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Biographical Details of Leadership
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BOND: Dick Gregory, welcome to Explorations in Black Leadership.
GREGORY: Thank you.
BOND: I'm going to begin with a few questions about the decision in Brown v. the Board of Education in 1954. You were three years out of high school when this decision was handed down.
GREGORY: May the 17th.
BOND: At the time, what did you think it was going to mean?
GREGORY: I didn't. The shock -- I mean, the legis... -- the world was stunned, you know what it was like. Nothing in your thought pattern went past what was happening. I mean people who couldn't read and write, people who -- who didn't -- just something. I mean, World War III couldn't have gotten more drama than that day. You just didn't know. I mean, it never even led to that. In other words, if you wake up one day and it's like 150 degrees, you're so busy dealing with that, you're not dealing with the fact that there's going to be snow this winter. But that was just the -- and everyone was talking and -- and can you imagine if the news media would have been then like it is now? I mean, remember, this was just, you know, you just had the three networks and there wasn't no such thing as no hourly news and -- and then all the talk shows. But you knew something had happened. We didn't know what it was, mainly because most folks never saw this coming down the pike, you know, I mean -- only the folks who were really up on the whole struggle --
BOND: So it was a big surprise to you?
GREGORY: To everybody. I never knew there was a case going on, you know. And then, bip, it came down and you just -- it was just there that day.
BOND: And what did you think would happen as a result of this case?
GREGORY: I hadn't thought, I just hadn't -- you remember, you see, I lived in a rigid, segregated pattern, not to the extent where you had to walk out the house and worry about being lynched. But our pattern in St. Louis was more so rigid than many places in the South ‘cause in the South you had restaurants you could go to that were segregated. You had movies you could go to that you could sit -- in St. Louis you couldn't go to no white restaurants. You couldn't go to no white movies. I mean, rigidly segregated. If you went downtown to the department stores and to buy a hat or pair of shoes, you couldn't try them on. You just had to buy them in size -- and you couldn't bring them back. And so it was that whole kind of pattern. I was born in 1932, and I went to college in 1952, a white college. And it was the first time in my life I didn't have to call white folk "Mr." or "Mrs." Now, there was no demand that you do, but we was always taught it's safer, you know?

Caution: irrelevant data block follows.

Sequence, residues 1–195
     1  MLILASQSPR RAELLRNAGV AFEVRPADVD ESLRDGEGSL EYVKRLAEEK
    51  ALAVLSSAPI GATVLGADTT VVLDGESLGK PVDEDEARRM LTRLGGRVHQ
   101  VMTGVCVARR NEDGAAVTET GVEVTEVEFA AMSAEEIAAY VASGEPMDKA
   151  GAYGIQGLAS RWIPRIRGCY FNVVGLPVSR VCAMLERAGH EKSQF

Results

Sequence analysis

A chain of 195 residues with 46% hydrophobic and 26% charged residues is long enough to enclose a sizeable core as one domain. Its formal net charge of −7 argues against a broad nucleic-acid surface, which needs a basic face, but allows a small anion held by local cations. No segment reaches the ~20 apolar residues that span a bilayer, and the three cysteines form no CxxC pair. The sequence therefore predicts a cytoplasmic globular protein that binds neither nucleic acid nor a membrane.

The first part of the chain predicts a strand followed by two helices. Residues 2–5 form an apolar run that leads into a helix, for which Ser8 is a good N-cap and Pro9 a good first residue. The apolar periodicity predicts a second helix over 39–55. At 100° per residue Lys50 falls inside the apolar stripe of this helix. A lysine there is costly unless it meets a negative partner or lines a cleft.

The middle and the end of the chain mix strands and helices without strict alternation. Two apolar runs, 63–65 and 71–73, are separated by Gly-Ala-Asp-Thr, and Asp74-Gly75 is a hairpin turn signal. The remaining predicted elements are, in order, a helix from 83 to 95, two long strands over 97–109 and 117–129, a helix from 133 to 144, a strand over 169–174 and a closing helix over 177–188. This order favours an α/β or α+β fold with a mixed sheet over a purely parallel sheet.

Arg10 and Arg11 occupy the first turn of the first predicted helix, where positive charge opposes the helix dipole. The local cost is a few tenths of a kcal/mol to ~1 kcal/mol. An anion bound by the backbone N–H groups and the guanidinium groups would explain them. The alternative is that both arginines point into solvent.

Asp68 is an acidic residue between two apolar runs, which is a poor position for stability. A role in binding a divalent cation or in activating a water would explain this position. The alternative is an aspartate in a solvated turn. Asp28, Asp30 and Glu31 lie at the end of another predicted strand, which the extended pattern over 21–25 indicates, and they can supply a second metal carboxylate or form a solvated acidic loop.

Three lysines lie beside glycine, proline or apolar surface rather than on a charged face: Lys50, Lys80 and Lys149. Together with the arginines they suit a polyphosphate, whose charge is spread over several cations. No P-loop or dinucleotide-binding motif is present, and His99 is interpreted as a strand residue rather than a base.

BOND: To go along --
GREGORY: To behave yourselves. And it was the first time white folks had to call me by my name and that just? You know, I mean you're not, "Hey you!" "Hey boy!" "Hey coon!" "Nigger this," "Nigger that." And so that was the background that I had come up in. And so, just reading the headlines, you added more to it because at that time I didn't know that white folks had no control over the press. I just thought we didn't, but I didn't think white folks would tolerate the misinformation. I didn't think the white folks would tolerate the fact that Henry Kissinger was indicted in Paris, France, for murder and that wasn't in American newspapers. And let me put this in -- it came out of the Hague Court pertaining to it what happened in South America. And whatever left-wing people been killed. Well, they found documents when they started arresting them guys to prove that they was carrying out his orders. Well, I don't want to discuss that, but the reason I'm bringing it up, not one American newspaper touched that until nine months later the Village Voice ran a front page story to say, "How can you try Henry Kissinger for murder?" So coming in a rigid segregated pattern, I used to laugh at the some of the stuff in black newspapers, but I didn't think that white newspapers could be so outrageous with switching facts. So when you saw the front page of all the headlines, you knew something big was about to happen.